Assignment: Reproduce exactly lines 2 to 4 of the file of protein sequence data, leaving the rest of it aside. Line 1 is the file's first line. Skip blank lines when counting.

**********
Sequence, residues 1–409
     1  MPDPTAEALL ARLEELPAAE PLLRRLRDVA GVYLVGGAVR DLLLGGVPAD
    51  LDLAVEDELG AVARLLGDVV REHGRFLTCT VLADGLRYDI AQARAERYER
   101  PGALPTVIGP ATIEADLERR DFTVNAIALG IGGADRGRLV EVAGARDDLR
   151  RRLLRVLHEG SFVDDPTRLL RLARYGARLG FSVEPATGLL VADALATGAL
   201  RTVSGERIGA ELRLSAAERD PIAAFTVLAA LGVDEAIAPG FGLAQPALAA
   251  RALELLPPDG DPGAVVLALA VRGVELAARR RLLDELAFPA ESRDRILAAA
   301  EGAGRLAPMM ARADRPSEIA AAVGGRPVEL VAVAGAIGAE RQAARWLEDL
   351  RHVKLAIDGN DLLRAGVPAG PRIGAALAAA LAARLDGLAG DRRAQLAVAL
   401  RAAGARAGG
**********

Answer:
     1  MPDPTAEALL ARLEELPAAE PLLRRLRDVA GVYLVGGAVR DLLLGGVPAD
    51  LDLAVEDELG AVARLLGDVV REHGRFLTCT VLADGLRYDI AQARAERYER
   101  PGALPTVIGP ATIEADLERR DFTVNAIALG IGGADRGRLV EVAGARDDLR